The city of Alameda on Tuesday released body camera footage of an April 19 incident in which a young Oakland man died after police officers pinned him to the ground during an attempt to handcuff him.
Mario Gonzalez, 26, stopped breathing in Alameda police custody after what police described as a "physical altercation" with officers in a small park, according to a statement released by the Alameda Police Department on April 20.
According to police, Gonzalez "appeared to be under the influence and a suspect in a possible theft," and experienced a "medical emergency" after officers tried to place his hands behind his back. Gonzalez was transported to a nearby hospital, where he was pronounced dead.
Recording of 911 Call Reporting Gonzalez
Officers were responding to reports of a man "talking to himself" and "not making any sense" on a neighbor's front yard. The 911 recording of the call is including in the video. The caller adds, "He seems like he's tweaking. But he's not doing anything wrong, he's just scaring my wife."
Another 911 caller reported the same man, now in the park nearby, who he says has been there for about half-an-hour appearing to be breaking the security tags off bottles of alcohol.
'Please Stop Resisting Us'
In the hourlong video of the deadly encounter, which shows footage from two different body cameras, two officers can be seen approaching Gonzalez, who is standing by himself in the park next to two shopping baskets.
The officers question Gonzalez about what he is doing in the park and ask for identification. Gonzalez seems calm but mumbles a series of incoherent responses and does not appear to be fully lucid.
When asked if he lives in Alameda, Gonzalez says, "I haven't gotten a house yet" and briefly puts one hand in his pocket. The officers tell him to take his hands out of his pockets before approaching him. Without telling him he is under arrest, each officer grabs one of Gonzalez's arms and proceeds to put his hands behind his back.
When he bends over and resists being handcuffed, one officer says, "Please stop resisting us, OK? Don't fight us." "It's not that, there's something else," Gonzalez can be heard saying before asking them to stop. At one point, while the officers are still trying to get Gonzalez's hands behind his back, one of them says, "I think we talked before, Mario. This is all coming back to me now."
'He's Going Unresponsive'
As Gonzalez continues to resist being handcuffed, the two officers throw him to the ground and pin him down on his stomach, pressing their elbows and knees into what appears to be his back, and holding his hands. Gonzalez keeps grunting and briefly shouting but his voice is muffled.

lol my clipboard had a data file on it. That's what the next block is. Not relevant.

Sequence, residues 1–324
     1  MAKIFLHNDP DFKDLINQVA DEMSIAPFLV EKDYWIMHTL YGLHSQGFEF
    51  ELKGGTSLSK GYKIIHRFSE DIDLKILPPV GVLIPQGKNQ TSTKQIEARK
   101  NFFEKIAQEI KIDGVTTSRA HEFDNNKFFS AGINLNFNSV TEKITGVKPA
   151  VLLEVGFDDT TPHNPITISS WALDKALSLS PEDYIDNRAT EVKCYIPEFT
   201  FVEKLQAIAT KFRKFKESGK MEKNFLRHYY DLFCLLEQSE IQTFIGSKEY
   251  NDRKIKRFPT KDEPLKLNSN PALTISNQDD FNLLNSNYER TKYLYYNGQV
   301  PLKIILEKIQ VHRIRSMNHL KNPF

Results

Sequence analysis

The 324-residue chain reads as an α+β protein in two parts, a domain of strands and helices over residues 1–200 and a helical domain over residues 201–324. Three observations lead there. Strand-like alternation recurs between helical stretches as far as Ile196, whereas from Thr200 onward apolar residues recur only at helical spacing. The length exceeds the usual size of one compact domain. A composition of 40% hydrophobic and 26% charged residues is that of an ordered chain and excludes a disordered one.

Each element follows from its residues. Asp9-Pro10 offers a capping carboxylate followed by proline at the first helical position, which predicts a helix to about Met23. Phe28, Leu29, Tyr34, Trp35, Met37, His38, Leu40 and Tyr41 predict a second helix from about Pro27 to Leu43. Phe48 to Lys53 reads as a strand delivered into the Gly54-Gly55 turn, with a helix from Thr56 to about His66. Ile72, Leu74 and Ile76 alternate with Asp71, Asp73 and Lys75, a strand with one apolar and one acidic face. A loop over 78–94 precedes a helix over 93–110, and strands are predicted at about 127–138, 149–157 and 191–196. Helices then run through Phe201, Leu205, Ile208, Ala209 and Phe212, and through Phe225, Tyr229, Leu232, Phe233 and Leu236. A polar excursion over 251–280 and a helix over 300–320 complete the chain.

"He's lifting my whole body weight up," one of the officers with his knee into Gonzalez's back says. Gonzalez remains pinned face-first into the ground for approximately five minutes as he makes desperate attempts to resist before losing consciousness.
"He's going unresponsive," the officer says before Gonzalez is rolled over, his pulse is checked, and CPR is administered by the officers.
"He went from combative to non-responsive almost immediately and then we started compressions," one of the officers tells an EMT from the Alameda Fire Department, before Gonzalez is lifted into an ambulance and brought to a nearby hospital, where he was pronounced dead. Watch the full video below:
Family: Gonzalez was Killed 'In the Same Manner That They Killed George Floyd'
Gonzalez's family, who viewed the video footage before it was released to the public, accused the police of murdering him by using excessive force and escalating a situation that was entirely avoidable. Gonzalez was healthy and had no known medical conditions, they said.
"Yesterday, my family and I saw the footage and we know what really happened. Alameda police officers murdered my brother Mario," said Gerardo Gonzalez, Mario's younger brother, at a Tuesday press conference and rally outside of the Alameda Police Department, shortly before the video was publicly released.
"My mother was heartbroken to see Mario's last moments," he added. "It was painful to watch the violence and disregard for his humanity. The police killed my brother in the same manner that they killed George Floyd."
Gerardo also noted that the officers used unnecessary force when they could have just asked him to call his family members and they would have come and picked him up. "There was no reason to detain him, let alone kill him. The APD took a calm situation and made a fatal," he said.
The officers involved in the incident have been placed on paid administrative leave, according to the Alameda Police Department. It added that there will be separate investigations into the incident, including criminal investigations by the Alameda County Sheriff's Department and Alameda County District Attorney's Office, and an independent outside investigation by a private law firm hired by the city.